Title: In the Company of Secrets (Postcards from Pullman #1)
Author: Judith McCoy Miller
Published: April 2007
Published By: Bethany House Publishers
Format Read: Kindle for PC
Genre: Christian Fiction, Historical Fiction
Date Read: April 25 2015
In an attempt to get away from a chef who tries to sexually abuse her, Olivia Mott a poor scullery maid decides to flee to America to start over. When the Earl of Lanshire’s daughter, Lady Charlotte learns of Olivia’s plans, she demands to go as well. What the Earl and Countess don’t know is that their daughter is with child, after a romance with a visiting guest Randolph Morgan. An investor and stockholder for the Pullman company, Charlotte believes he is living in the town of the same name, so she and Olivia set off for Chicago. Armed with a forged letter of reference Olivia secures a job working in the kitchen of The Hotel Florence under Chef Rene. Throughout the book she wrestles with the shame of lying and her faith. While Olivia is bedazzled with the town of Pullman, believing that its creator has his employee’s best interests in mind, Frank (a new friend and love interest) knows otherwise. Readers learn that those who rent and live within the town have more job security than those who work for Pullman, but live elsewhere. Basically money being paid to the employee’s is just being circulated back through the company in a capitalist system. Control means profit. Even the library is only available to residents after a mandatory yearly donation is made. Meanwhile Olivia is being wooed by another suitor: Mr Howard, the very man who hired her. Although she is falling for Fred, she is reluctant to turn down Mr. Howard as she fears the loss of her job.
In the Company of Secrets had all the makings of a book that I would enjoy: a historical setting, an interesting synopsis and characters I would imagine to be strong willed and determined. Unfortunately this first book in the Postcards from Pullman series missed the mark.
In any other historical fiction book I’ve read where the characters emigrate from their home country to another, they were hopeful and eager to start a new life for themselves. I didn’t feel this excitement with Olivia. Clearly she was from a lower class, previously being a scullery maid, so I would imagine that the housing situation she obtained in Pullman was better than she could have ever afforded before. She didn’t seem thankful of her new circumstances, only a nervous wreck about the web of lies she and Charlotte had spun. It seemed as if the author spent more time trying to convey Olivia’s paranoia than she did developing the plot.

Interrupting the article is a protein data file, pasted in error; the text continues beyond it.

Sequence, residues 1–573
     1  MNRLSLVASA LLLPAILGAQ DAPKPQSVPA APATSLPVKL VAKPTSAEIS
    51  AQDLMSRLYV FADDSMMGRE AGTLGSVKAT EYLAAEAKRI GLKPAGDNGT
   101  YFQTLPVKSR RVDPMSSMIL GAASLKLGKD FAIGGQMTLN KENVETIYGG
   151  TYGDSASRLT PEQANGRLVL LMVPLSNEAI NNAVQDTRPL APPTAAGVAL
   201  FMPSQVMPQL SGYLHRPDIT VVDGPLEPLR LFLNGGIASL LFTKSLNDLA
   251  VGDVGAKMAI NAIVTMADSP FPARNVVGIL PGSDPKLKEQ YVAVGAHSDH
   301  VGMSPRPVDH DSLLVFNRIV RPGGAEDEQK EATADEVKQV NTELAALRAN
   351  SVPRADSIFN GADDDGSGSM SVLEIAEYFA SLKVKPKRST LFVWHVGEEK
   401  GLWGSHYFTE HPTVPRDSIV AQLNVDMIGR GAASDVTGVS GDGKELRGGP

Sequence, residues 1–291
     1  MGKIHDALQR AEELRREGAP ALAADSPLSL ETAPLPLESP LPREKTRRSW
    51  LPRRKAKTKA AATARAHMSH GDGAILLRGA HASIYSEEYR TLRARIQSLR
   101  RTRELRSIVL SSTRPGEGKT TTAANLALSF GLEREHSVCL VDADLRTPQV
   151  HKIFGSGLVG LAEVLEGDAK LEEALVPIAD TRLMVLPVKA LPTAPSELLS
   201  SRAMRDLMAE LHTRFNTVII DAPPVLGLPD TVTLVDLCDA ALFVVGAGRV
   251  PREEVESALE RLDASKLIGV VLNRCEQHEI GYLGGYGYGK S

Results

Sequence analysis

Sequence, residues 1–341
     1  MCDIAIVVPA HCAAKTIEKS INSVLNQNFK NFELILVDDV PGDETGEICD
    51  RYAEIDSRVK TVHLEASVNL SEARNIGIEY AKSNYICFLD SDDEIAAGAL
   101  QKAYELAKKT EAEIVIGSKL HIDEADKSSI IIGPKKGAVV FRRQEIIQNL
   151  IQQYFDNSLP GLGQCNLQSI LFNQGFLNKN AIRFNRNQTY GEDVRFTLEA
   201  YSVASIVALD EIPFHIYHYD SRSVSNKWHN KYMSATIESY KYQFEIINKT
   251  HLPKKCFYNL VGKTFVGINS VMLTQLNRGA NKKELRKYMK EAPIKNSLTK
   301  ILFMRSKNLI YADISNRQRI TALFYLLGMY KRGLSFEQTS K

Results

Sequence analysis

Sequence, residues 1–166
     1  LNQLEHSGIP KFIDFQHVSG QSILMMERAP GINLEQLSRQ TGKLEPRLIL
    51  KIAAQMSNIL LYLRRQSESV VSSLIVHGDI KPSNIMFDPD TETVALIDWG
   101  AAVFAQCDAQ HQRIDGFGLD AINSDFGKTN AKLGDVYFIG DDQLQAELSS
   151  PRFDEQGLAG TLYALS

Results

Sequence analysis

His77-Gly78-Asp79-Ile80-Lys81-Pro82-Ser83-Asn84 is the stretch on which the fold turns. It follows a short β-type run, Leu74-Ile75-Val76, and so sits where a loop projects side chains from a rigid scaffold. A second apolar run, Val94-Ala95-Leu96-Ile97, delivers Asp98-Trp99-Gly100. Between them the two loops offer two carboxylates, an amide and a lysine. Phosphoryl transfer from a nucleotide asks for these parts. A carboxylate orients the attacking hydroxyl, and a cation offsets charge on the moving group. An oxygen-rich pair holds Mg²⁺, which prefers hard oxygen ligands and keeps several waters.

Olivia’s charade would have gone a lot smoother had she been a good liar. However before I reached the half way mark, I was getting pretty annoyed with her. I didn’t feel as if the reader got a sense of who she was beyond all the lies.
Just when I would think that something exciting will happen or that all her lies will come out, she is let off and the effect fizzles out. Other conflicts were resolved far too quickly to make any impact. With such a strong opening, where Chef Mallard is accosting Olivia, I thought that this darker plotline would continue throughout the book. Instead it became as naïve as its main character.
Aside from the historic time period, I did find it interesting learning about the town of Pullman. I had previously heard of Pullman railcars before, but until I read In the Company of Secrets, I did not know that there was a town created by the company. The corruption mentioned by Fred and hinted at throughout the book could have been an opportunity for the author to make the storyline come across as more sinister, in turn adding some spice to the plot.
The ending left many loose ends, however this paves the way for the second installment which is called Whispers Along the Rails. After reading the reviews on Goodreads, it seems as if Olivia hasn’t evolved much and is as naïve as ever. Although the mention of “sinister” happenings at Pullman and the union organizations interest me, I don’t think that I will continue on with this trilogy.
Located outside of Chicago Illinois is the Pullman State Historic Site. Created in 1880 by George Mortimer Pullman, the town was built to house his employees, more specifically those who worked in his factory.
|George Mortimer Pullman (Image from http://www.pullman-museum.org/)|
Today visitors to Pullman can walk the streets, visit the arcade, tour the factories and dine in The Hotel Florence, where the fictional Olivia worked.
|The Hotel Florence (Image from http://www.pullman-museum.org/)|
For more information on this historic site, the man behind it all and the setting for Judith McCoy Miller's fictional story visit the website: